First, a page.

‘Do I really have to return to the office?’



Dear Money Lady,

I am 54, so not old enough to retire yet – but I want to. The thought of going back to my job from 9 to 5, Monday to Friday is killing me. I am supposed to return to work next month.

Have you got any ideas on what I could do instead?

Thanks,

Marlene

Marlene, you are not alone. According to Statistics Canada, 78 per cent of working Canadians over 49 do not want to return to their pre-COVID work environments.

So, what alternatives do you have?

If you’re willing to take the risk that comes from forgoing a regular pay cheque, the best way to improve your situation may be to start your own business. There are many people who start their own businesses in their mid- to late-50s and do extremely well, achieving a million-dollar net worth within five to 10 years. And we’re not talking about high-value, tech start-ups either. Many of these are ordinary businesses such as accounting, auto repair, consulting, etc. If you have a two-income household and one partner has a secure job that will cover your expenses, it may be worth your while for the other partner to strike out on their own. As a small-business owner, you keep a larger share of your revenue then you would work for someone else and you can control your own overhead expenses. Self-employed people also enjoy special tax advantages, which can especially benefit early retirees.

If starting a business is not for you and you like the industry you’re in, why not negotiate for more? If you work hard and are a valued employee, employers want to keep you happy, especially now. Employee turnover is higher than it has ever been in years, and it is extremely costly to a business to lose someone valuable, so they will want to keep you. Arrange a meeting with your manager and be prepared with your local and regional pay data from Glassdoor and local job listings, recap your accomplishments, and say that you would like to discuss your compensation or, better yet, a new position. Perhaps, if you are paid what you are worth and given the position you deserve, going in four or five days a week would not be so bad after all.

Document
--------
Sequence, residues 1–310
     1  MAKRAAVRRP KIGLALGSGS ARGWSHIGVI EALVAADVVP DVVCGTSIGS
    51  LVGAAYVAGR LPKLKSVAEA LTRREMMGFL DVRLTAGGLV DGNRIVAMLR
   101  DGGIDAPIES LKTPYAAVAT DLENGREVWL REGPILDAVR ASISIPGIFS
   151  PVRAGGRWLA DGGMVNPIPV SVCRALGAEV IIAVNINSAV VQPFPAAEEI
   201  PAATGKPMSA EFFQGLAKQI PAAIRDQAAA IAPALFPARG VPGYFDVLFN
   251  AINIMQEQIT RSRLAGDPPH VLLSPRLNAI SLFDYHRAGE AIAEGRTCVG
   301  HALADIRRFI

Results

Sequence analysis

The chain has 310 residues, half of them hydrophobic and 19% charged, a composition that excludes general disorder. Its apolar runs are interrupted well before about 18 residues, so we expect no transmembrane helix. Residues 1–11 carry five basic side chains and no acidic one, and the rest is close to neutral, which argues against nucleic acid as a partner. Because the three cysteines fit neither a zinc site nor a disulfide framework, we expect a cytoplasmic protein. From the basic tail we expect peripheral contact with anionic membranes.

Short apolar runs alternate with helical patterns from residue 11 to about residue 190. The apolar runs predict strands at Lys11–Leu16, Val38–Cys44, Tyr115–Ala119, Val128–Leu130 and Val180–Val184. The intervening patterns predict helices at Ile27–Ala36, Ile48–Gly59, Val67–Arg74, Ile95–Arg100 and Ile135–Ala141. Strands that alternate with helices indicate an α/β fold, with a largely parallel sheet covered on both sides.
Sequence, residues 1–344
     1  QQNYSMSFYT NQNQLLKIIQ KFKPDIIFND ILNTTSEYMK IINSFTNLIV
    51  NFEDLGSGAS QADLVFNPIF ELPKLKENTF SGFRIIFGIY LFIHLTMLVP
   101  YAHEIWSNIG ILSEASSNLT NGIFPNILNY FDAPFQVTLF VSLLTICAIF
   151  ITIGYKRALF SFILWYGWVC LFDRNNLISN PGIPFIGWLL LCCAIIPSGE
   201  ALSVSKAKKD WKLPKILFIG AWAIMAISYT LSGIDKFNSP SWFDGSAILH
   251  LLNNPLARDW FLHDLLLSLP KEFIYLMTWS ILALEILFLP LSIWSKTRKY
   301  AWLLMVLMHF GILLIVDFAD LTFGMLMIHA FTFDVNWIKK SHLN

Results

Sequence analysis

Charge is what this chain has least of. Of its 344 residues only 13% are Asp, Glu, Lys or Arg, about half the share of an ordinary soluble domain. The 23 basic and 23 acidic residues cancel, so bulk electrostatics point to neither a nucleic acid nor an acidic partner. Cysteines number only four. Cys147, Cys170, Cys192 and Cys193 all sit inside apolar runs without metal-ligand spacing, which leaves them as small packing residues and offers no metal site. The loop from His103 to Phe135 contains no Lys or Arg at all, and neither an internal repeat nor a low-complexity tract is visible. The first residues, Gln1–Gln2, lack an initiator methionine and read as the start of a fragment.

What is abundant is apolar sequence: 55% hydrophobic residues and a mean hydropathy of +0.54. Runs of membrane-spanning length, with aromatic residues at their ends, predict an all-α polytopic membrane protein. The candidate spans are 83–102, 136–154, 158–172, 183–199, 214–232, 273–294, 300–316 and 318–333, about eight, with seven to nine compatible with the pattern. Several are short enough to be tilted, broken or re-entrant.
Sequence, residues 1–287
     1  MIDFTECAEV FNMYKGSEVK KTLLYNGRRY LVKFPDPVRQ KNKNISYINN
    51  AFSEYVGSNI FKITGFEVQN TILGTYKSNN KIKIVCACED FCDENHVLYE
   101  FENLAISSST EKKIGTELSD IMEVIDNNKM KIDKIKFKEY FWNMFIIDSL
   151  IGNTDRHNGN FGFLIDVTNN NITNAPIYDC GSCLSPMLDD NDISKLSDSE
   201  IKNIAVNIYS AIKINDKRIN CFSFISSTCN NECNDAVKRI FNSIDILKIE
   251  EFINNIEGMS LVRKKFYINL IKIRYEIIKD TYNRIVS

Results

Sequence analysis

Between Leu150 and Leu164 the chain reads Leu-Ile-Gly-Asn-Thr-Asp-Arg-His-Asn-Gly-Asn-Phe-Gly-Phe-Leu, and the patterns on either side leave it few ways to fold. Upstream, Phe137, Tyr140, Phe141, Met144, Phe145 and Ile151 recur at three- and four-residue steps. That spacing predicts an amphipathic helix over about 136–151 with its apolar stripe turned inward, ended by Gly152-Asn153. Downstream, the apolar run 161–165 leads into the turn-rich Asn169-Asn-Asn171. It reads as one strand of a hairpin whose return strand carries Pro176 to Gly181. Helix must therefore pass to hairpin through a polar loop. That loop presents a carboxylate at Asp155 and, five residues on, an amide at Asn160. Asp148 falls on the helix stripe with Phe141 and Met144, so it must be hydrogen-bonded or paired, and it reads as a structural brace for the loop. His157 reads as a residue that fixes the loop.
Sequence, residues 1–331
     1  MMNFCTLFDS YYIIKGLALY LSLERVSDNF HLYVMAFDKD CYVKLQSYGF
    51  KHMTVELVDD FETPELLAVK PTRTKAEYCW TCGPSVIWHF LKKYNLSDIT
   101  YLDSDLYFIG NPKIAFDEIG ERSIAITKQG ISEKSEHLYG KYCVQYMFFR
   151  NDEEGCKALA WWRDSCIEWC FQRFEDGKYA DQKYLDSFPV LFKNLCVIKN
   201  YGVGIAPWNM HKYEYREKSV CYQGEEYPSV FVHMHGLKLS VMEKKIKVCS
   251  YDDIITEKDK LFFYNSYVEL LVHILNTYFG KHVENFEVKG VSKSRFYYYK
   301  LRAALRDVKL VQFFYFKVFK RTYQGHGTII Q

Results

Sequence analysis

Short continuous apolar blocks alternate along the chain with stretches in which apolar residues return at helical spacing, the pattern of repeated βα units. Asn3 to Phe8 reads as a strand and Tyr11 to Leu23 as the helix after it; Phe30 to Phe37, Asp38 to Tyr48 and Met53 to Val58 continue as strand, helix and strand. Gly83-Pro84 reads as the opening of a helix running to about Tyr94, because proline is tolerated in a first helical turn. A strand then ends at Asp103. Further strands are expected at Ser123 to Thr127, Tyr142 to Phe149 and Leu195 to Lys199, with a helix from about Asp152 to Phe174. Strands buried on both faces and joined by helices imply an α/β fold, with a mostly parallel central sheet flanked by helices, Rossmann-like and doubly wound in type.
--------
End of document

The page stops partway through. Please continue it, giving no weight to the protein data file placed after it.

If working for an employer or starting your own business is not for you, then perhaps it is time for you to consider “semi-retiring” to improve your situation. In the simplest terms, if you focus only on four primary steps, none of which require you to pinch your pennies, you will find that you can progress faster towards your financial goals. The more you can maximize each one, the more you will be able to accelerate your pace towards making your hard stop to working.

1. Underspend on housing – Have just one primary residence, downsize to only what you need and eliminate all debt, lines of credit and mortgages. Would you like to give up your home altogether? (Why not rent, travel or downsize to a mobile-home, trailer, houseboat, or motorhome?)

2. Underspend on transportation – Keep your car longer, and run just one vehicle. Assess whether you really need a car where you live.

3. Focus on increasing your earnings – Limit spending and save as much as you can into registered accounts.

4. Bank your income raises – Increase your savings rate to match your increased earnings. Work part-time for more money to save.

Remember that retirement is different for everyone and deciding to jump off the work wagon into your own way of retirement may not be supported by everyone.

Early retirement is not a mainstream idea. Only you will know how to reshape your money spending and future activities for your happiness.

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